For 2009, the Civic Hybrid received an update that included a minor face-lift. The front grille and bumper were redesigned, and from the front the Civic is pretty cute-looking. A chrome strip suspends the Honda logo above the grille, and a low faceplate keeps things sporty. The headlights sit horizontally on the outside corners, which make the Civic seem a bit wider than it really is.
From the side, the Civic Hybrid is generic-looking. Its rounded silhouette only has a small rear spoiler to add some personality. The Civic Hybrid's rims are a lightweight alloy, which are intended to improve the car's mileage, but unless they making a huge difference I'd rather see the standard ones. Why? Well, these rims are ugly! To me, they look like a pizza.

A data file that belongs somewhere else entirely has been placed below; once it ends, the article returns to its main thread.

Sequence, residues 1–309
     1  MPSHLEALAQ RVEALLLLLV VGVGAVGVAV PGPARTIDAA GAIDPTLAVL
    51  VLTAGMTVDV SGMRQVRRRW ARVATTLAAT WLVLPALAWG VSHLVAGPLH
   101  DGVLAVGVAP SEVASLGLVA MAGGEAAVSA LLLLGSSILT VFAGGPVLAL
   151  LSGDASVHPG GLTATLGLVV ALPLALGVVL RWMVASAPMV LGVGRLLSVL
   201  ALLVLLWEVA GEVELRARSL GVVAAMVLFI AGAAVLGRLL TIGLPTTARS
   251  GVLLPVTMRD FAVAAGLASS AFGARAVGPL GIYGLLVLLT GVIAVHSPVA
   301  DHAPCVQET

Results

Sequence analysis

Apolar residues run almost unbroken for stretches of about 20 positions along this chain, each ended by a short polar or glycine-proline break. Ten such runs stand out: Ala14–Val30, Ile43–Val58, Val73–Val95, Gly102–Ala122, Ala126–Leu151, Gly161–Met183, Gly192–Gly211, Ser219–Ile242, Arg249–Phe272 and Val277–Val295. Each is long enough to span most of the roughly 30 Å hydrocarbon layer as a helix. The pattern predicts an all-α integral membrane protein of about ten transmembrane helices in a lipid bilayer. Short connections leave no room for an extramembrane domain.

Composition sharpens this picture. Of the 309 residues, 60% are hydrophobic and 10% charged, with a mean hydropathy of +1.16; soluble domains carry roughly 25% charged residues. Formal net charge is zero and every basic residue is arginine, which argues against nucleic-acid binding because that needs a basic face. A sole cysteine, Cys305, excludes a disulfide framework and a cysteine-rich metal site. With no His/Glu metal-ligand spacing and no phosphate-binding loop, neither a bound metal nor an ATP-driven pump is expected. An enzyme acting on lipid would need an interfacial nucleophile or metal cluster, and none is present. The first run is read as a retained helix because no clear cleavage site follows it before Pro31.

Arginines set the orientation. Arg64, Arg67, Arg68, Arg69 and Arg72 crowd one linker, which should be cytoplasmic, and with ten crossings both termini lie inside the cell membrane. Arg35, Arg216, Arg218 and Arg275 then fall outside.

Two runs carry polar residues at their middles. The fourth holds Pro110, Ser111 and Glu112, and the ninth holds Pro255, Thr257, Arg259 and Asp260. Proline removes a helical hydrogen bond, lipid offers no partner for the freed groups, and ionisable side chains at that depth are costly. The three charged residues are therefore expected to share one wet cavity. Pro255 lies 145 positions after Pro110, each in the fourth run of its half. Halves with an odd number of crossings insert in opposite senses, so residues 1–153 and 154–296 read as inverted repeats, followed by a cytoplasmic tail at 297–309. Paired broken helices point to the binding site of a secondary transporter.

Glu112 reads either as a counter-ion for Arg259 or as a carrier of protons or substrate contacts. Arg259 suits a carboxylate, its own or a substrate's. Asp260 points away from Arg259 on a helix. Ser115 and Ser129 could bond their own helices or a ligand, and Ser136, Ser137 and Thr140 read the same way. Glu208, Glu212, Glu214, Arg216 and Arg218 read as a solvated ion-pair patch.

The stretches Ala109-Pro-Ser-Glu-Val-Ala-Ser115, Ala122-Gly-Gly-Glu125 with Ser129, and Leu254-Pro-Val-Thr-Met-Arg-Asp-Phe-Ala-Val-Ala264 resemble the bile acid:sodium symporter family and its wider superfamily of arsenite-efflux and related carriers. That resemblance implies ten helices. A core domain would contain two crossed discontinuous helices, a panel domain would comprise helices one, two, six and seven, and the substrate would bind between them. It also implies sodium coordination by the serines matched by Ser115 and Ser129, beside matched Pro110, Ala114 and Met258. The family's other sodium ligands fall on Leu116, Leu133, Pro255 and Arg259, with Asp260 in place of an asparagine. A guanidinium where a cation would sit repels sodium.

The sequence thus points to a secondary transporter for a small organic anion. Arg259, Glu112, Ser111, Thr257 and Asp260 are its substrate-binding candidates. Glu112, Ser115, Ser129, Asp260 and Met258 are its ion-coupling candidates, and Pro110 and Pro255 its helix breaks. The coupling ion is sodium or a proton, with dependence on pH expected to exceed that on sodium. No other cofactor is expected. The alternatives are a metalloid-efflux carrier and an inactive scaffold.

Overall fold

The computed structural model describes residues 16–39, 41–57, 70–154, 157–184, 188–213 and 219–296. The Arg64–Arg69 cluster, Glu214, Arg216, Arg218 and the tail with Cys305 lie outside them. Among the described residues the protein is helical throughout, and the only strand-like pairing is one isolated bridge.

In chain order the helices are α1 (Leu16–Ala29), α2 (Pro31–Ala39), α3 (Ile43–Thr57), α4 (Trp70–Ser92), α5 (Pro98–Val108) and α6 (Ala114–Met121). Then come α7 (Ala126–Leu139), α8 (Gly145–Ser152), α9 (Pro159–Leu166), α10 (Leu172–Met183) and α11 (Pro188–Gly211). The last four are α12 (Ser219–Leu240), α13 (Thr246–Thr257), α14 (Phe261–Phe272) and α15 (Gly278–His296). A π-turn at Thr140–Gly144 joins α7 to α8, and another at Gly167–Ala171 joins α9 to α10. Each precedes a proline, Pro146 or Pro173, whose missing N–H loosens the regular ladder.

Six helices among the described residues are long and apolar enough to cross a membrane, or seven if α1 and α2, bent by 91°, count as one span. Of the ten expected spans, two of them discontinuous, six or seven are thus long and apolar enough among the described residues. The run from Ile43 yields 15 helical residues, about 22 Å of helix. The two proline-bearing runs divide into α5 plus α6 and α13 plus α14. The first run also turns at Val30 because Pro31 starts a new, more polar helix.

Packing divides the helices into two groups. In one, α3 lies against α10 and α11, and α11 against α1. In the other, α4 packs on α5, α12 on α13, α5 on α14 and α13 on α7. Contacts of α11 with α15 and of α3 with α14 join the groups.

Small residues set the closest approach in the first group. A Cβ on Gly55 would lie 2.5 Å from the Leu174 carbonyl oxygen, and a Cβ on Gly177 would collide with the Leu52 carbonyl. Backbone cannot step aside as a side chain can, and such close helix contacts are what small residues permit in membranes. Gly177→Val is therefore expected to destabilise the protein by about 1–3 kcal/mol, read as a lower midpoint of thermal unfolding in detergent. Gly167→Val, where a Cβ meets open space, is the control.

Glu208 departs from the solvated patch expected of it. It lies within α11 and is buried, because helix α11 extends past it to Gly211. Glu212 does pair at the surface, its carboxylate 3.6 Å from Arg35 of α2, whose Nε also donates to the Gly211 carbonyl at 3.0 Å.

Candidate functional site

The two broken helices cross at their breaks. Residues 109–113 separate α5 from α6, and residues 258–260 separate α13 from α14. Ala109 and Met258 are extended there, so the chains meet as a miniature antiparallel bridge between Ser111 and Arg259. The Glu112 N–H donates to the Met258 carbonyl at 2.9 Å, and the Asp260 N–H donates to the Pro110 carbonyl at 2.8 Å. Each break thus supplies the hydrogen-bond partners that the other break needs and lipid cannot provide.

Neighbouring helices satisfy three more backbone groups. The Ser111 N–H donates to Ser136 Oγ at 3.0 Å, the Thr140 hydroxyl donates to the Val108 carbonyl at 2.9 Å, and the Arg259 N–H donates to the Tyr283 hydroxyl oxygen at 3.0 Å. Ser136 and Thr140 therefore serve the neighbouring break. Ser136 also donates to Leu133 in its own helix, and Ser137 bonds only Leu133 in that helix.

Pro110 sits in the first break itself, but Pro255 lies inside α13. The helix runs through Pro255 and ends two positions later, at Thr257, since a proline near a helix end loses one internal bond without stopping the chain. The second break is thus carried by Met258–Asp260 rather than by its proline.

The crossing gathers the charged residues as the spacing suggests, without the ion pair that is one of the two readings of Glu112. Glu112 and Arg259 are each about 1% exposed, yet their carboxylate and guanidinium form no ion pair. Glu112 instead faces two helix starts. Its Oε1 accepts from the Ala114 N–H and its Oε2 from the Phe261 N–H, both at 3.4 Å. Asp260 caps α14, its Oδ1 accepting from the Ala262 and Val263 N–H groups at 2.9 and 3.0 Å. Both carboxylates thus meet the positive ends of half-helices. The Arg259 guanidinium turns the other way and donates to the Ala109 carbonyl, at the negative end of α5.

The Civic Hybrid's rear taillights now have a clear turn-signal lens with a colored bulb. The near-vertical tail is also familiar, but it's updated with a new chrome strip above the license plate. Thankfully, Honda didn't feel the need to plaster the car with "hybrid" badges. Instead, there's a small badge on the rear and another on the car's right-hand side.
The Civic Hybrid's doors open and close easily, which made my rushed mornings with the kids a bit easier. My kids had no problems getting in and out by themselves or managing the doors. In deference to weight and economy, the Civic Hybrid isn't available with a sunroof, but I didn't miss it.
SENSE AND STYLE
Family Friendly (Not Really, Fair, Great, Excellent): Fair
Fun-Factor (None, Some, Good Times, Groove-On): Some
Honda gave the 2009 Civic Hybrid its very own interior, which is intended to reinforce the environmental friendliness of this hybrid sedan. It's blue. Yep, blue. The leather seats are navy blue. The dash is navy blue, and it all ties in with the bluish lighting in the instruments. A beige version is also available.